Sometimes we must put off the need to be heard in order to be understood.
Being misunderstood can leave us feeing powerless. This can lead to frustration. Sometimes, in an attempt to overcome our frustration, we try harder to be heard, thinking that if only we can explain ourselves better, if only we can get our point across, we will regain our power.
By doing this, by combatting our frustration directly, we risk creating unnecessary conflict. Conflict may lead to understanding, but often at a price of one person or the other’s integrity. Being understood, with integrity intact, is a higher, more desirable goal than simply being understood for the sake of being understood.
If we can resist the urge to make ourselves heard, if we can quiet ourselves, if we can step back for a moment, not to withdraw, but to gain a broader perspective, and try to understand the other person’s point of view, we may find that it is not really that important to be understood after all.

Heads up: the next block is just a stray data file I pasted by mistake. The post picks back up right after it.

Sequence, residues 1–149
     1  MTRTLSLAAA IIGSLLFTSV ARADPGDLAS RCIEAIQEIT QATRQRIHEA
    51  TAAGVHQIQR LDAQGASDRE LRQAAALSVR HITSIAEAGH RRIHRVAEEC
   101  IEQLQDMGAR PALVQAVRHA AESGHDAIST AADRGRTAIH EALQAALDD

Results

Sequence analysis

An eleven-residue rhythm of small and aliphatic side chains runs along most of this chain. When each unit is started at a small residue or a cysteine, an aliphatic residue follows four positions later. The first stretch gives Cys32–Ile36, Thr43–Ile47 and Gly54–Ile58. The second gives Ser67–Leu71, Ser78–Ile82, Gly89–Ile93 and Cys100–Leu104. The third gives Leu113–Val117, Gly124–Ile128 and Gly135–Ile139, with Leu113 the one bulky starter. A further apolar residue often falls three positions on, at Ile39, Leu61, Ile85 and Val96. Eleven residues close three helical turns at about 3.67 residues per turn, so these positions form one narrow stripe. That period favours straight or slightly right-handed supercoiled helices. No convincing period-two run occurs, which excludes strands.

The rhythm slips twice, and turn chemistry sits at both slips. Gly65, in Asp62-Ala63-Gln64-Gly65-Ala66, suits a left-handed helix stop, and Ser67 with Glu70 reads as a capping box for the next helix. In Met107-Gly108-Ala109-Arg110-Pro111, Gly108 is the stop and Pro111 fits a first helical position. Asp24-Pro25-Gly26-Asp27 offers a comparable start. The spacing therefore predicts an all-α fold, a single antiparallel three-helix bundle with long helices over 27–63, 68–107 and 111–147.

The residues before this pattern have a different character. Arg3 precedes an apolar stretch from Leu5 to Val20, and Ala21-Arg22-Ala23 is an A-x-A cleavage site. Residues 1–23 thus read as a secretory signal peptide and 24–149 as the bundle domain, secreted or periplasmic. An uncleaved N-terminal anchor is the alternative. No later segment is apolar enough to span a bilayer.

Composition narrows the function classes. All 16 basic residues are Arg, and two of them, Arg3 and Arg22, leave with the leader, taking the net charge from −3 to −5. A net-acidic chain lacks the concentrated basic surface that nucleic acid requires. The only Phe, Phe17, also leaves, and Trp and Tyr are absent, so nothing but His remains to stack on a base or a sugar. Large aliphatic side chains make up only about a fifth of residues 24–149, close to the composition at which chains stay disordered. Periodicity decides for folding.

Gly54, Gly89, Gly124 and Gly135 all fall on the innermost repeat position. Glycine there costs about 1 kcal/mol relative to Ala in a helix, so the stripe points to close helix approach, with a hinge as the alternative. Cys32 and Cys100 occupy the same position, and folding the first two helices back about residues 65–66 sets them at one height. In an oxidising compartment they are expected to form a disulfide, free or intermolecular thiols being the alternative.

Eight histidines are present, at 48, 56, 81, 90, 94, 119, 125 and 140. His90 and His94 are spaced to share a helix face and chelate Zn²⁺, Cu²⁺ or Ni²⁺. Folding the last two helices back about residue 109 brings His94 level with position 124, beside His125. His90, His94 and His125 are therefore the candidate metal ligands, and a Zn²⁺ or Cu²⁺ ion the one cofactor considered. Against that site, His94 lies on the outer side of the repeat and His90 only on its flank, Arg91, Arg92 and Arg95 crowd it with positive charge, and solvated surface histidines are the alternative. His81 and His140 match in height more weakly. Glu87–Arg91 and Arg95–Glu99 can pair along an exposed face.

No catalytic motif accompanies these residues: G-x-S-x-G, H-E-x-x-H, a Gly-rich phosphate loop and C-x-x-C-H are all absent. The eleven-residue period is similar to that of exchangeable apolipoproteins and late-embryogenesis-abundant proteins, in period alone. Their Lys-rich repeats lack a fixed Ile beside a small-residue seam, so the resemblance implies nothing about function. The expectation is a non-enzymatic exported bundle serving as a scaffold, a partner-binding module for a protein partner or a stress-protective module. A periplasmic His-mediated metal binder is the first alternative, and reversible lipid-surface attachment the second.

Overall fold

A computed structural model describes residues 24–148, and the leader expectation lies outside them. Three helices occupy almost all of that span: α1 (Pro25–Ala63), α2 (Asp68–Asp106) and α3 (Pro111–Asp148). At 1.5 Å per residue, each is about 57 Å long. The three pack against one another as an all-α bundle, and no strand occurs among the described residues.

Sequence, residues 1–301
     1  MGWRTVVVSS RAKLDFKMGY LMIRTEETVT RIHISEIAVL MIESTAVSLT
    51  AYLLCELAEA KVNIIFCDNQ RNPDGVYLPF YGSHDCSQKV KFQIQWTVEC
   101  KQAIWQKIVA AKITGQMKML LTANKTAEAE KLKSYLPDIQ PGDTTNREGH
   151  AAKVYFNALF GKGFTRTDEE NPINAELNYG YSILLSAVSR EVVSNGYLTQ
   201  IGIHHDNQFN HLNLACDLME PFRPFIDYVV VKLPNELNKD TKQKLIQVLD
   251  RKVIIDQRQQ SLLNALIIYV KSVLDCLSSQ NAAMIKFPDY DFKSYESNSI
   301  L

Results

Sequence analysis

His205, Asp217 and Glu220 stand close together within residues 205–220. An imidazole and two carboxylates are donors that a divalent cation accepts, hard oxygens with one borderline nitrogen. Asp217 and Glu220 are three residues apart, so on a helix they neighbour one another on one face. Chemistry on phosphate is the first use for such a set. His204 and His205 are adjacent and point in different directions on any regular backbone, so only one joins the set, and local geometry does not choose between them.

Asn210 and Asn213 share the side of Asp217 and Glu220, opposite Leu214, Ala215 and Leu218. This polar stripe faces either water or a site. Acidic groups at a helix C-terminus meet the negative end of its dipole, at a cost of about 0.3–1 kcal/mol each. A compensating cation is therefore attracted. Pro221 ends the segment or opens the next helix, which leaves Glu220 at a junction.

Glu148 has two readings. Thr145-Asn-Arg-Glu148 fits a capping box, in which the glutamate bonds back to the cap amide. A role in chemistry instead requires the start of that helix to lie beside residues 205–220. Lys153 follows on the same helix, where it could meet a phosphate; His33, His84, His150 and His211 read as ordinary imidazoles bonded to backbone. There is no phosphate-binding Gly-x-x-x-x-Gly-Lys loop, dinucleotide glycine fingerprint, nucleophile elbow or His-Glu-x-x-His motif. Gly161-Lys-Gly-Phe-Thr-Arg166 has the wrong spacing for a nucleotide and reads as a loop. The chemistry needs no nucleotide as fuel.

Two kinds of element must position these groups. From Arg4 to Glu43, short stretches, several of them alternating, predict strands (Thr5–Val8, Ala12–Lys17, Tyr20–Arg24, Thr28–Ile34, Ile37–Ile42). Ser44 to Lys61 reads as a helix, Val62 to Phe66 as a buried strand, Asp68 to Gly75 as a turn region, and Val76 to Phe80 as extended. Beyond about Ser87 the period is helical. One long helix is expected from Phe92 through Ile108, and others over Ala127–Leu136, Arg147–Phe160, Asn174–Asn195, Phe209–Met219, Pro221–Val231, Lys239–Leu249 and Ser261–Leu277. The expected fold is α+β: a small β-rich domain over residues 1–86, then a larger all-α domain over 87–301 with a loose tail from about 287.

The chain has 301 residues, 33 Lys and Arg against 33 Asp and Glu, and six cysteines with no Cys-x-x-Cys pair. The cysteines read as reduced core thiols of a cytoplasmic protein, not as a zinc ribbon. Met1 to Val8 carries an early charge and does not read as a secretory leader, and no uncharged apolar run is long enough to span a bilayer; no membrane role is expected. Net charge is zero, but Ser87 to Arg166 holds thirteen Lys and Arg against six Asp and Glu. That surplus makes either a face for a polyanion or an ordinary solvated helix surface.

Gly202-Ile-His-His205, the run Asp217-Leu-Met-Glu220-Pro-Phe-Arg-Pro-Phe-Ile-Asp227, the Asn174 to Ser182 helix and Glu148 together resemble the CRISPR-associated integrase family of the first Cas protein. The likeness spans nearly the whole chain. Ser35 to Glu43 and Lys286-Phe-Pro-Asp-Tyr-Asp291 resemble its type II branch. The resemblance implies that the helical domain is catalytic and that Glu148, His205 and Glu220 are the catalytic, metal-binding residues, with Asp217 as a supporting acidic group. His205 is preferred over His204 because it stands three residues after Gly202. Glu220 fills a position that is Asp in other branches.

By the mere fact of our easing up, by giving the other person room to be him or herself, we give them permission to decide whether or not to listen, instead of us forcing our decision on them. This space, this freedom to move and to choose, free of threat, is the gateway to true understanding because understanding is a mutual choice.
Holistic Budo: As it is in budo, so too it is in life. As it is in life, so too it is in budo.
Robert Van Valkenburgh is co-founder of Taikyoku Mind & Body and Kogen Dojo where he teaches Taikyoku Budo and Brazilian Jiu-Jitsu
Artwork by Ana, except where otherwise noted
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